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Green Building Bible, Fourth Edition
Green Building Bible, fourth edition (both books)
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  1.  
    This looks good:

    http://www.greenregister.org.uk/events.php?p=2&id=310&utm_source=Members+%26+Non+Members&utm_campaign=a988dd3ddf-WUFI+Apr+2013&utm_medium=email#event310

    Joe Little and a Fraunhofer Institute researcher are offering a 2-day course in WUFI Pro (and an 8-week temporary licence) in Shoreditch on 13th June

    I can't afford to go, but thought others might be interested.


    T
    •  
      CommentAuthorfostertom
    • CommentTimeApr 12th 2013
     
    Verrry interesting.
    What is the one other software that's validated under BS EN 15026?
  2.  
    Not sure, even Google doesn't seem to have the answer...

    Could it be WUFI Passive? It seems to be a product of a spat between the Passivhaus Institut and PHIUS in America. http://inhabitat.com/passivhaus-institute-ends-relationship-with-passive-house-institute-us/

    That one passed me by, but it looks like PHIUS have worked directly with the Fraunhofer insitute to develop a separate US-centric software package that in their words 'supersedes' PHPP...
    http://www.passivehouse.us/passiveHouse/WUFI_Passive.html

    Whilst I applaud the interface with SketchUp, I'm a bit worried this schism could lead to a confusing array of 'passiv/e' products on the market.

    Mind you, if it's US based, I doubt it would be validated under a BS EN standard?
    •  
      CommentAuthordjh
    • CommentTimeApr 15th 2013
     
    Posted By: Doubting_ThomasWUFI Passive

    Interesting. Hadn't spotted that before. Other than the press releases, I can't seem to find anything that describes exactly what WUFI Passive does or does not do. There doesn't seem to be any way to find out about it, apart from buying it.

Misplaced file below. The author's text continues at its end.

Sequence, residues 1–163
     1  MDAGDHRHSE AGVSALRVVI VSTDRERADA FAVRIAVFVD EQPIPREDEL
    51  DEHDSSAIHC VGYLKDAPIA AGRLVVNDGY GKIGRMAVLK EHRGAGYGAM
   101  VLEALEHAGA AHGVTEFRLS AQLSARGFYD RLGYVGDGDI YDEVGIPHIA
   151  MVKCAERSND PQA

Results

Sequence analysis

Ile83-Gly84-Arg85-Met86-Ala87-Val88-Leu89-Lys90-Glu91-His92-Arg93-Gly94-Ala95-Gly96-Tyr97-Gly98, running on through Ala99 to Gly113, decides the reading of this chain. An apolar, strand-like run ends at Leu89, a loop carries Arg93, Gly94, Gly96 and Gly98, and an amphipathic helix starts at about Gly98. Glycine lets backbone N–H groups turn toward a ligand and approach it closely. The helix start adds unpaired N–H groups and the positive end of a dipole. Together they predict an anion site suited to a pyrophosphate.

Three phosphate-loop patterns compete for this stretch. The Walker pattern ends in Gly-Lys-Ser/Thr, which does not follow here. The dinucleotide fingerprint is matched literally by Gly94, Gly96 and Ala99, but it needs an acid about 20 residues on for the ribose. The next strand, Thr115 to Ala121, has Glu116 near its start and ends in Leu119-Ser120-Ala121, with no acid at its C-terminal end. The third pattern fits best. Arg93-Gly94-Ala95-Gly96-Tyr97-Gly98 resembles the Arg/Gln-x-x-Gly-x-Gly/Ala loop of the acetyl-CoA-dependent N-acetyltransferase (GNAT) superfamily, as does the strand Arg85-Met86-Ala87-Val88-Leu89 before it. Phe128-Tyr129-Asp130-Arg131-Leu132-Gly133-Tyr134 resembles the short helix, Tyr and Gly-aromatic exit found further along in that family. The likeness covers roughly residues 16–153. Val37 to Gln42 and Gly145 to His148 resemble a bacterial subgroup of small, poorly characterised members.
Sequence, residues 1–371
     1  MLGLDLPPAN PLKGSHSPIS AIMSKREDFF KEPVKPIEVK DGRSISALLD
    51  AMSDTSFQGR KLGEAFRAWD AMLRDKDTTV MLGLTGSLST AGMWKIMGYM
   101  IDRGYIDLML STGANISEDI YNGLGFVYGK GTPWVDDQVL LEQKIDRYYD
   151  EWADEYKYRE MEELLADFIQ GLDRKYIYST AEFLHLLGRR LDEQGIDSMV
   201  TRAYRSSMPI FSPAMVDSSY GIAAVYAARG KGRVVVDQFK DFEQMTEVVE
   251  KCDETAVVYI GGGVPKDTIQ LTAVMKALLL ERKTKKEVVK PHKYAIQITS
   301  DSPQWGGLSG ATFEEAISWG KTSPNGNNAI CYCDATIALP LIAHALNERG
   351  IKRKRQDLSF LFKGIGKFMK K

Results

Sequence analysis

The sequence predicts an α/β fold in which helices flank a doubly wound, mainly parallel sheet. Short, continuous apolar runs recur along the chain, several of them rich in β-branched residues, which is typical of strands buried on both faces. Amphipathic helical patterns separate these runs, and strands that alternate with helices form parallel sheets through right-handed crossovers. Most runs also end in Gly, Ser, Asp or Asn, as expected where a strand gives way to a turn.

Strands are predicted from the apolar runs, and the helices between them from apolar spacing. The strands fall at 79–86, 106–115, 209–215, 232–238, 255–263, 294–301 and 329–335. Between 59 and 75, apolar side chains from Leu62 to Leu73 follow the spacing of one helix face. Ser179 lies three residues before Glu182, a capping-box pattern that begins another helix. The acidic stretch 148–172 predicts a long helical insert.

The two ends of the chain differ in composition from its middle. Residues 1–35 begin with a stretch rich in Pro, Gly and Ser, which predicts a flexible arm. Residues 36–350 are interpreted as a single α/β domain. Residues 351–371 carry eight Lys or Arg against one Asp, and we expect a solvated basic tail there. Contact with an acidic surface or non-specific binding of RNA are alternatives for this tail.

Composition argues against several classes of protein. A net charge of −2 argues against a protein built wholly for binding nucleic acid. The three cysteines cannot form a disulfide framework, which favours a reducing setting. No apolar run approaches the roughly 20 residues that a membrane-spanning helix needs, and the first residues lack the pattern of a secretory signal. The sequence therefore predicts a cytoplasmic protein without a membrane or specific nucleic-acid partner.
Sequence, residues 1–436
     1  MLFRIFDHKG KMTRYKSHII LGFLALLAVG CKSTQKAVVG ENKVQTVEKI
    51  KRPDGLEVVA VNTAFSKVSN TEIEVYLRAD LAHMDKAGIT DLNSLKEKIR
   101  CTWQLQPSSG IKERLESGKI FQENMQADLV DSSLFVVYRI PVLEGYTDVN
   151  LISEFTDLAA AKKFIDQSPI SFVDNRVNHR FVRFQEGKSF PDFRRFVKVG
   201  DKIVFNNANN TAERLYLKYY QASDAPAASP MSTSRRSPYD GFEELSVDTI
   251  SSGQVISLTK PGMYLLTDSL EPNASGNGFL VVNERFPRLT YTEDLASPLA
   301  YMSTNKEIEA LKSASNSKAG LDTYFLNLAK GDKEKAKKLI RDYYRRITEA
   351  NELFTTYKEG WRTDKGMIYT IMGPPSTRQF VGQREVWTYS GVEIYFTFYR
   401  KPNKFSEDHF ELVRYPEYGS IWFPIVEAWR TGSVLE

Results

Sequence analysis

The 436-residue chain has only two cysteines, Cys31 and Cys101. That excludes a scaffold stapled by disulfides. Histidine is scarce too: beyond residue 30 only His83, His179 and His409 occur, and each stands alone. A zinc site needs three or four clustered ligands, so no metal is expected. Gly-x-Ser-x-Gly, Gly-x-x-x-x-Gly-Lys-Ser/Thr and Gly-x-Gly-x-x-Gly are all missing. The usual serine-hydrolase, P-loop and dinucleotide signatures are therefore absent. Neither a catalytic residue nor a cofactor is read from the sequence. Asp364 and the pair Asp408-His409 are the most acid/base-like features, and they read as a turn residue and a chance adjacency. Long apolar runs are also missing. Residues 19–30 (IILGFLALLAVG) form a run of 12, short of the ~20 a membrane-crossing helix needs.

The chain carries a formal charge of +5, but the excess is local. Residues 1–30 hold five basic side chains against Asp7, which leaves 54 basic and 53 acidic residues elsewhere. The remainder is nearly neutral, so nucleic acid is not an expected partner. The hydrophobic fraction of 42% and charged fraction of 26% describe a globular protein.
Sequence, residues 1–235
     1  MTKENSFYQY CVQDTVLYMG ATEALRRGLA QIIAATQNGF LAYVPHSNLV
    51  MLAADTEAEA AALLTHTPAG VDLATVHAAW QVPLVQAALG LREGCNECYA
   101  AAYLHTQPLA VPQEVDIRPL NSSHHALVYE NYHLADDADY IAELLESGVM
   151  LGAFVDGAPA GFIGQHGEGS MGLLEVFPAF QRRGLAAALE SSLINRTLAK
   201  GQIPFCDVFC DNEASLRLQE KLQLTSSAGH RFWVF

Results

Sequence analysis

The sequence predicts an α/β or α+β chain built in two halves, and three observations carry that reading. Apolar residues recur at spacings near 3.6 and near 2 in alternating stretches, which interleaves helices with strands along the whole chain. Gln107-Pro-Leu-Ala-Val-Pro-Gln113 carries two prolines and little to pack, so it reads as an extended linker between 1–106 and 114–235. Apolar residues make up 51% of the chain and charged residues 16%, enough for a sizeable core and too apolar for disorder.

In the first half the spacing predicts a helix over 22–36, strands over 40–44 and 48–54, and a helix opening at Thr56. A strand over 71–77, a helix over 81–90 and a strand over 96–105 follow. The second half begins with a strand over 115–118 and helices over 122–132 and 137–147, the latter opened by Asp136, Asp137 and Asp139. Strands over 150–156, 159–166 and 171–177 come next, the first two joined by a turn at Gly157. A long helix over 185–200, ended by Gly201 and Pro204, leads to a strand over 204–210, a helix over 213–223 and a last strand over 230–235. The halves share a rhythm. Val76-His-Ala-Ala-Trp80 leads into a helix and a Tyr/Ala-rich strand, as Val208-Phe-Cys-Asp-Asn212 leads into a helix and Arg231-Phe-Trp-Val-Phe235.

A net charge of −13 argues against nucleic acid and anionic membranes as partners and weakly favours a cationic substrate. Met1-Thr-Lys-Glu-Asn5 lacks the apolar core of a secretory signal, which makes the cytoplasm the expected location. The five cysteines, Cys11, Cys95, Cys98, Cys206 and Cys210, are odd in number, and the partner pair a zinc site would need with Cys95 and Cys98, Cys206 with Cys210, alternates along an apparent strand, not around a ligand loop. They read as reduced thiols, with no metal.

•  
      CommentAuthorfostertom
    • CommentTimeApr 17th 2013
     
    Is Green Register any good? £50pa sub for an individual, after you've paid for and attended 2 of their courses www.greenregister.org.uk/events.php in a 6 month period. Plus the courses are more expensive until you're a member!
  3.  
    I've found that they are generally very good and up to date on the general stuff (latest govt. policy, passivhaus principles etc.) and at getting quality speakers in from the field (I'd reckon booking Joe Little is quite a coup) but to be honest I've probably learnt more through reading posts on here for 2 years than I ever could in one of the lectures because they can't be too specialised and specific.

    The primary benefit is being able to ask questions of the speakers and the debates that are generated during this time. It's basically like the Ecobuild seminar series but they make the effort to be more regional.

    For educating the general construction industry they provide an invaluable and unique CPD resource. For most of the regulars on here, I'd suggest it might be worth going to a session or two before signing up.
    •  
      CommentAuthorfostertom
    • CommentTimeApr 19th 2013
     
    Well, you have to - it's a condition of joining!
    • CommentAuthorlucypedler
    • CommentTimeMay 1st 2013 edited
     
    We at The Green Register are really delighted to be bringing this training to London for the first time.

    Please don't hesitate to get in touch with our office team if you'd like more info about the course, or how membership works.
    •  
      CommentAuthorfostertom